By 1700, the Cape Peninsula and the winelands were widely settled. Khoi resistance had been broken by warfare. Extensive tracts of land had been cultivated and plantation forests established. The herds of elephants, antelope and buffalo, hippos and lion prides had been reduced to remnant populations.

Slaves performed the hardest manual tasks and the Khoi had been put to work as shepherds. The Burghers (citizens), many of whom had been very poor in Europe, made themselves land owners and directors.

Slowly, the ratio of females to males became more even as burghers and officials called their wives from Europe, also, orphan girls were sent from Holland and female slaves arrived.

3 History Of Cape Town Roddy Bray

4 Social Life and Customs In The Cape Colony

The VOC no longer tried to stop the energetic expansion of the colony, but their policy remained the same. The VOC would maintain, at the lowest possible cost, a trading post at the Cape to supply passing ships. All that had changed was that the products would not be acquired from the Khoi and the Company Gardens, but from the growing European settler population. It was still to be a trading post.

But in order to derive profits, the VOC had to retain control to stop the settlers trading directly with the ships. They supported the colony only in as much as required to make it economically productive. Their administration was therefore small, essentially commercial, but insisted upon absolute control.

essentially commercial, but insisted upon absolute control. Figure 2: Principal English trade routes about 1700. 5

Figure 2: Principal English trade routes about 1700. 5

The vessels on which they arrived were usually laden with spices and goods for the trade and the ships‘ primary purpose was to transport supplies and goods to colonies and to trade ports. Passengers onboard the vessels were not the primary purpose and luggage and personal items was thus kept to an absolute minimum. Dwellings were rural and living in the area was difficult at the best of times. There was no or little schooling for children. Jan Van Riebeeck set up a castle for security in the Cape and most settlers set up farms in the areas near to the Castle for security, access to provisions and slaves. The Huguenots who arrived in the area between 1652 and 1690 were given farms around the Paarl and Franschhoek areas.

It must have been an extremely difficult life and must have had the French Huguenots daily questioning their decision to move to the Cape of Good Hope. The trip to the Cape onboard wooden sail ships, which usually took a gruelling three months, must have been scary to start with as drinking water and food were rationed onboard the ship. In fact, many passengers who undertook the trip died at sea. Once they arrived in the Cape life did not become easier the colony gave them very little to start their farms or ply their trade.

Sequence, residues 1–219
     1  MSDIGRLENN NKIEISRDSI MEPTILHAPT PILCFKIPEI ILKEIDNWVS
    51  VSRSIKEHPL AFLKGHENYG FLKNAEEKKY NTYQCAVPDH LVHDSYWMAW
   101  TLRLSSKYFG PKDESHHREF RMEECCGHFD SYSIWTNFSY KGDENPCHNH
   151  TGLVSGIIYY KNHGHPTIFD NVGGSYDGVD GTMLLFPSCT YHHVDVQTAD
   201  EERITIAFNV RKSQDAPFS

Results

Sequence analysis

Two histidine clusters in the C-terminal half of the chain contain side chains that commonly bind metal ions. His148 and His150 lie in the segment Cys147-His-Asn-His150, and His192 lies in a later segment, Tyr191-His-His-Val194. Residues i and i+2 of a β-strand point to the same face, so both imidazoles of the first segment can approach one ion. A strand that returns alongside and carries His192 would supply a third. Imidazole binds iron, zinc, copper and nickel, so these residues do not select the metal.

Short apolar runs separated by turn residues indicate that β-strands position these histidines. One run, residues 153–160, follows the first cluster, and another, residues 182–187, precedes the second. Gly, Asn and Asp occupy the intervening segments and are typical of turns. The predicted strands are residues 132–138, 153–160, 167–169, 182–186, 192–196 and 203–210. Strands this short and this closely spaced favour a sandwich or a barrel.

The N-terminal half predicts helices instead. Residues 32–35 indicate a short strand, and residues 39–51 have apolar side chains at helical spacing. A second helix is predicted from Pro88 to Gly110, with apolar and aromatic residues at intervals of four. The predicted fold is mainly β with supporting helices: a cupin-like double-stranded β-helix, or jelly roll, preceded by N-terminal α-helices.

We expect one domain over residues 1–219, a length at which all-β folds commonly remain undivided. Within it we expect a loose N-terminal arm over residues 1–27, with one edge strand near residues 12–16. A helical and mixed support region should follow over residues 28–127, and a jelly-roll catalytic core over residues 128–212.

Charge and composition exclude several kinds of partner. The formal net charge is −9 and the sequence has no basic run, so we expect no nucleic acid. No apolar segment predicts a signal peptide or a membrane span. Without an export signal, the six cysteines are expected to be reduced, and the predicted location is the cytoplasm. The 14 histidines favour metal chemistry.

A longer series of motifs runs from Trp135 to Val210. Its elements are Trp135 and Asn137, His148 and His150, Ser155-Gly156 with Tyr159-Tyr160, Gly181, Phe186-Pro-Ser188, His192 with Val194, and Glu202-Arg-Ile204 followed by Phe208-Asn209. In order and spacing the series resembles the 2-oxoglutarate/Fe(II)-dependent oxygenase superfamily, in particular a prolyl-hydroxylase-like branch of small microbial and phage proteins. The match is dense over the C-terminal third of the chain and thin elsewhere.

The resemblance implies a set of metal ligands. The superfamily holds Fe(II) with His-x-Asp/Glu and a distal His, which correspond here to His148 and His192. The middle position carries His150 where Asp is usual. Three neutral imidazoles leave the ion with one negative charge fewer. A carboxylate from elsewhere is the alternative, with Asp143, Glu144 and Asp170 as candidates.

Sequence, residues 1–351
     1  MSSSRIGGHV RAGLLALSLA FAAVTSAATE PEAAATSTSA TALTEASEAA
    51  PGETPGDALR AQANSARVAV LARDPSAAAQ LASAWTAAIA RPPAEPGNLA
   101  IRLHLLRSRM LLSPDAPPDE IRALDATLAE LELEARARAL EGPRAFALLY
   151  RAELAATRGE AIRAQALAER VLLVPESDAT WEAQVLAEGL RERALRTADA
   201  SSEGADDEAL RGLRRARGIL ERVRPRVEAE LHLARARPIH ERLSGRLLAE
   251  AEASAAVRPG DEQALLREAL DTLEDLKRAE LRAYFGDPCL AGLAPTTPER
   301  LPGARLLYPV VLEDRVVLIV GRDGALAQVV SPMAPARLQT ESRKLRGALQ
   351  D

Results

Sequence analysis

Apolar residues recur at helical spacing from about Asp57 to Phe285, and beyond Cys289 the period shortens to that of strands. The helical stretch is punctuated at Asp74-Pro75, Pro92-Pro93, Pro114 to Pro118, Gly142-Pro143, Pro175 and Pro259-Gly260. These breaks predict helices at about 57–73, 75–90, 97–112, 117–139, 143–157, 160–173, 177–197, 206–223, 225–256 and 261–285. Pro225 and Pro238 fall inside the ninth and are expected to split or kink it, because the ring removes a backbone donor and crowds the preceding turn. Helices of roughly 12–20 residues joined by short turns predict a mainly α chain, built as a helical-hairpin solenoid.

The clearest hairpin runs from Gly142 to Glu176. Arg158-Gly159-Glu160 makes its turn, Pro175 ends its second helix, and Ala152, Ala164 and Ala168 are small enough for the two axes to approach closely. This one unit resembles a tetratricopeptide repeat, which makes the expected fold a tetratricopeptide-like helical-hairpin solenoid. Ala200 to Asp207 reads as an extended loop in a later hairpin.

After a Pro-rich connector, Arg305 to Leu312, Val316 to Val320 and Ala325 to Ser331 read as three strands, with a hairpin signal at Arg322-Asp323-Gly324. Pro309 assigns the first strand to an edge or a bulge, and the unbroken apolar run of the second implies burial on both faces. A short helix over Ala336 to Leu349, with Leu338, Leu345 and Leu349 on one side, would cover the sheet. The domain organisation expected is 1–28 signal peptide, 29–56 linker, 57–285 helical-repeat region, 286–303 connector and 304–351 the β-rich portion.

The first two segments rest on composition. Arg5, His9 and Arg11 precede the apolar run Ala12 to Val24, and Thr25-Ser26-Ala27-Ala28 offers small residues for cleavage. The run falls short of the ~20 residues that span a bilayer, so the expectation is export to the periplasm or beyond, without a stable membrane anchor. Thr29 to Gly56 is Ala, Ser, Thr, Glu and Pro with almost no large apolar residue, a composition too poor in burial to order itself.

The Cape, therefore, was a 'colony' in that it was under VOC rule from Batavia, and, ultimately, Amsterdam, but there was no sense of a colonial 'civilising' mission as seen later in Africa. There was no attempt to build a society.

Thus, there was an active and large hospital, because sailors needed to recuperate. But there were virtually no primary schools and never a secondary school to serve the settler population. No missionaries were sent to the Cape. Few churches were built, and the VOC maintained control of church appointments.

5 The Project Gutenberg eBook, An Introduction to the Industrial and Social History of England - Edward Potts Cheyney

Local politics was strictly controlled. There was no newspaper, in fact no printing press and no encouragement given to local politics. The Governor controlled all appointments to the main ruling councils - the Council of Burghers and Council of Justice.

The influence of the VOC diminished with distance from Cape Town. Cape Town was the only harbour and the VOC's purpose was to control trade, they therefore had little concern for the rural areas and did not spend significant sums on their administration.

The powerful figures were those Boers (farmers) who had prospered and consolidated large mixed farms grazing sheep and cattle and producing grain and grapes. These farms were like small principalities, largely self-sufficient but trading surplus for certain luxuries.